Seminar series tackles China's growing role in Africa

David Shinn
Amb. David Shinn speaks about China's growing financial clout in Africa at the kickoff event of the Institute for African Development's seminar series. 

By Jackie Sayegh

According to the World Bank, China is now sub-Saharan Africa’s largest export and development partner, representing about a quarter of the continent’s trade. That share is expected to grow even greater in the coming years.

In 2015, China’s President Xi Jinping pledged $60 billion of new investment in major capital projects in Africa and announced plans to facilitate more collaboration with Africa over the next three years. These include creating regional vocational education centers in Africa and offering African students 30,000 government scholarships and 2,000 educational opportunities in China.

At a recent meeting in Beijing, President Xi announced China’s most ambitious foreign policy to date – the Belt and Road initiative. The initiative seeks to connect Asia, Europe, and Africa along five transport routes, and to build six international economic cooperation corridors. 

The growing engagement between Africa and China is the theme of the Institute for African Development (IAD) fall 2017 seminar series, China and Africa: Political, Cultural, and Economic Engagement, held every Thursday at 2:30 p.m. in G-08 Uris Hall.

The first speaker was David Shinn, former U.S. ambassador to Ethiopia and Burkina Faso and current adjunct professor of international affairs at George Washington University.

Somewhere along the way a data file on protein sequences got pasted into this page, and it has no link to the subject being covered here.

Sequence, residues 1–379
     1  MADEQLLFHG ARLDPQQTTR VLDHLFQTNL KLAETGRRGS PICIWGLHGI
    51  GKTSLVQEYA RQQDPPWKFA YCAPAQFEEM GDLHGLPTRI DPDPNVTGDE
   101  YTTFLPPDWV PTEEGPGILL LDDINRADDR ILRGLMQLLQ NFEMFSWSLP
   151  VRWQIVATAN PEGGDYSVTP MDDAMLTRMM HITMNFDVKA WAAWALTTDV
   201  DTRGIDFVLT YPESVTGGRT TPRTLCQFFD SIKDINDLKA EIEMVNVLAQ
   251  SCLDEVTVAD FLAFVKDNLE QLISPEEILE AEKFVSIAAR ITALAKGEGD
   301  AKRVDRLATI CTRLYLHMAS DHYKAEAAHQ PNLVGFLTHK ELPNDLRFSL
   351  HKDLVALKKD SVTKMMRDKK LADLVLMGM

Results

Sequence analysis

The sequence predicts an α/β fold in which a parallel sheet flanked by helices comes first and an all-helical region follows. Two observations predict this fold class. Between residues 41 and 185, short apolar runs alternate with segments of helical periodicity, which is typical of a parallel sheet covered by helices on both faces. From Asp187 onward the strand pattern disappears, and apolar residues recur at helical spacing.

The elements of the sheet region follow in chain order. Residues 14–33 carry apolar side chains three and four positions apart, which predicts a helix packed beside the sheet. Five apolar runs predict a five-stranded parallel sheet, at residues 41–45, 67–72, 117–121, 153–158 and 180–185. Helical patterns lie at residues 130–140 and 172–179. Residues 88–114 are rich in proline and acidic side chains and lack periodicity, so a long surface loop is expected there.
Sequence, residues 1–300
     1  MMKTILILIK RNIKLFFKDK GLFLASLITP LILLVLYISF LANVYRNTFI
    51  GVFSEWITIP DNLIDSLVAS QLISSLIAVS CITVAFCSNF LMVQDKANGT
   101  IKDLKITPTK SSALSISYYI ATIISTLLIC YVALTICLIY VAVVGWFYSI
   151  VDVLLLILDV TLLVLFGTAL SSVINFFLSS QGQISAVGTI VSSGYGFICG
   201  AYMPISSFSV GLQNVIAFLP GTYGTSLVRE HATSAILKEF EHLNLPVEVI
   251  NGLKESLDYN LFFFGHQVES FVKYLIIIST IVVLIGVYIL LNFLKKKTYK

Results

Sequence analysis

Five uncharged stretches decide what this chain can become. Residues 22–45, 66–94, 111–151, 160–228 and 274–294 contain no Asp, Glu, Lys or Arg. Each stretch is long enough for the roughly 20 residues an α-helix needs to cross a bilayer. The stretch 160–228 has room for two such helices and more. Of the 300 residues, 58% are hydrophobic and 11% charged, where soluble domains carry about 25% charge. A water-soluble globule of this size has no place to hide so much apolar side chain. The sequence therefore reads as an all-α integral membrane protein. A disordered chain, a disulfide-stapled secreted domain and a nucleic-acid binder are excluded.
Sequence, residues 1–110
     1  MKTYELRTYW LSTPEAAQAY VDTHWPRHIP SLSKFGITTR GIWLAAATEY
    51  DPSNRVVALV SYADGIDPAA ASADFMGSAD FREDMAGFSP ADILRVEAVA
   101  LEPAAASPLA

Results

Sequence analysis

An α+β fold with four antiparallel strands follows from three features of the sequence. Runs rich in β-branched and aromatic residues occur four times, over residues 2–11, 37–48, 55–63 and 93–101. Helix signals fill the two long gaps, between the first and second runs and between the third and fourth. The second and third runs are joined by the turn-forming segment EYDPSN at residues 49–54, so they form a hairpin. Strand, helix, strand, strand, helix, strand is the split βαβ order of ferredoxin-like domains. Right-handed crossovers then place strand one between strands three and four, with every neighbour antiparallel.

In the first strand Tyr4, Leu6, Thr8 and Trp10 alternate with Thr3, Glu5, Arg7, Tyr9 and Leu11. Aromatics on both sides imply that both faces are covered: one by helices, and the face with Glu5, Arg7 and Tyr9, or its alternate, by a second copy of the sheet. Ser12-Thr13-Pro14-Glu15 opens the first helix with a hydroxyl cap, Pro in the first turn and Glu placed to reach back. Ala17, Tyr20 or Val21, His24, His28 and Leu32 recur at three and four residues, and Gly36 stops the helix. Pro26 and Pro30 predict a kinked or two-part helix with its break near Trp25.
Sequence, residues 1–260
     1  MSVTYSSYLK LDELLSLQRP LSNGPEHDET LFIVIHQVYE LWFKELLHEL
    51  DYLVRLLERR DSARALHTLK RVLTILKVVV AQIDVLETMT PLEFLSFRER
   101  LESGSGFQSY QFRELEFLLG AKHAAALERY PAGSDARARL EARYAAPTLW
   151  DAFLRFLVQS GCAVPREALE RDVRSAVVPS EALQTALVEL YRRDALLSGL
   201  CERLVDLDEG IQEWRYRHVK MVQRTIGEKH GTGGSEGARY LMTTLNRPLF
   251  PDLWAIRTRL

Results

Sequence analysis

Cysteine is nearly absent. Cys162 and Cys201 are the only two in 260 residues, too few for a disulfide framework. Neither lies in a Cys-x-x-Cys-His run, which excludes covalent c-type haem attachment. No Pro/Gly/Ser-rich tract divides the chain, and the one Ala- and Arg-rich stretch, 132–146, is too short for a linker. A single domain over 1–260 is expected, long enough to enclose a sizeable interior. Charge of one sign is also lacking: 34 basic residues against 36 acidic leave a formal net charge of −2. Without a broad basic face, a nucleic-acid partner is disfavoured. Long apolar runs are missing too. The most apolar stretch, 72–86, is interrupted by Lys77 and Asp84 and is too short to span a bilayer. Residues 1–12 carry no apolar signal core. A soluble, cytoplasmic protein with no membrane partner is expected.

Shinn termed China’s engagement as one of mercantilism rather than neocolonialism. China’s involvement with Africa is primarily meant to sustain the Chinese economy and increase its export to Africa, he said. 

These goals are not unique to China, as most development partners seek the same.  The key difference, he argued, is the way the development projects are financed. Chinese projects are overwhelming state-owned and backed by government financing, which makes it difficult for companies or other countries with limited financial resources to compete.

Shinn explained that while Western countries are scaling back in the Africa banking sector, China has increased its involvement. Sixteen percent of China’s direct investment in Africa is in the financial sector. China’s largest bank, the Industrial and Commercial Bank of China, recently purchased a 20 percent stake in Standard Bank, South Africa’s largest bank, for $5.5 billion, representing the largest foreign direct investment in the country to date.

China’s long-term strategy will be one of increased engagement in all areas on the continent, Shinn concluded. Although there will be competition from India and Brazil for African markets, it will be political or economic setbacks in China itself that will ultimately determine its engagement in Africa and other parts of the world. 

Jackie Sayegh is the program manager for the Institute for African Development